The coronavirus pandemic will bankrupt most airlines worldwide by the end of May unless governments and the industry take coordinated steps to avoid such a situation, an aviation consultant warned.
Many airlines have probably been driven into technical bankruptcy or substantially breached debt covenants already, Sydney-based consultancy CAPA Centre for Aviation warned in a statement. Carriers are depleting cash reserves quickly because their planes are grounded and those that aren’t are flying more than half empty, it said.
“Coordinated government and industry action is needed — now — if catastrophe is to be avoided,” CAPA said. Otherwise, “emerging from the crisis will be like entering a brutal battlefield, littered with casualties,” it said.
Most of the biggest carriers in the US, China and Middle East are likely to survive because of government help or support from their owners, CAPA said.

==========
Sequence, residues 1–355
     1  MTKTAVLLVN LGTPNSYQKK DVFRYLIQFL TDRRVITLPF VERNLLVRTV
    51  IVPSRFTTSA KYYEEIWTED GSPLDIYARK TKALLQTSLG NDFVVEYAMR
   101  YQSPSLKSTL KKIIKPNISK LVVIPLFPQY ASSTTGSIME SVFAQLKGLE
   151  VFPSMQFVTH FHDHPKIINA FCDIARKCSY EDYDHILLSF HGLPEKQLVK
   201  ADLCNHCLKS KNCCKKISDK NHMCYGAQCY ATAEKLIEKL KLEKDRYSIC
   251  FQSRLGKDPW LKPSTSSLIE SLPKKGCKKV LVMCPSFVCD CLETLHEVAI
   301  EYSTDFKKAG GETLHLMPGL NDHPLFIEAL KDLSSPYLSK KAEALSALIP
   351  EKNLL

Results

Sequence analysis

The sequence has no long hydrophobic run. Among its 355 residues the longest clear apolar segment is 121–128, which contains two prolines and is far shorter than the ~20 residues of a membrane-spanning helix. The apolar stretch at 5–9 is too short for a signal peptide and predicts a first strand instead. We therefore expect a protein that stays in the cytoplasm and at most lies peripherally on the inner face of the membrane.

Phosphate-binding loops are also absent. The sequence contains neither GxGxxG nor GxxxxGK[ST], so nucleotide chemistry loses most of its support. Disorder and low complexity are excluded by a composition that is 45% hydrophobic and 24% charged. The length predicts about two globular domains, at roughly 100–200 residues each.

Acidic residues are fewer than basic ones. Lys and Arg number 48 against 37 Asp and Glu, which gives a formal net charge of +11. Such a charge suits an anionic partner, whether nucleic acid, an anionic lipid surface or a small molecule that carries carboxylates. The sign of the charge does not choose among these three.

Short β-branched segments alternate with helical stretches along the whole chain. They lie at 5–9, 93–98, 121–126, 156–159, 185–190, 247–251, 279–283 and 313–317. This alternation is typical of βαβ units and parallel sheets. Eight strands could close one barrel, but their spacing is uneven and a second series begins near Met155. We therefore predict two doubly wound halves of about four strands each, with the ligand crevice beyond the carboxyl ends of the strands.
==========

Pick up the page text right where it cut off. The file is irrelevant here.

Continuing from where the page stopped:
Airlines have been among the biggest corporate casualties of the virus outbreak as the coronavirus grinds air traffic to a halt. Carriers from American Airlines Group Inc. to Australia’s Qantas Airways Ltd. have slashed capacity, while some like Sweden’s SAS AB have temporarily laid off most staff.
Flybe, Europe’s biggest regional airline, has already collapsed.
Carriers could face as much as $113bn in lost revenue this year, according to the International Air Transport Association.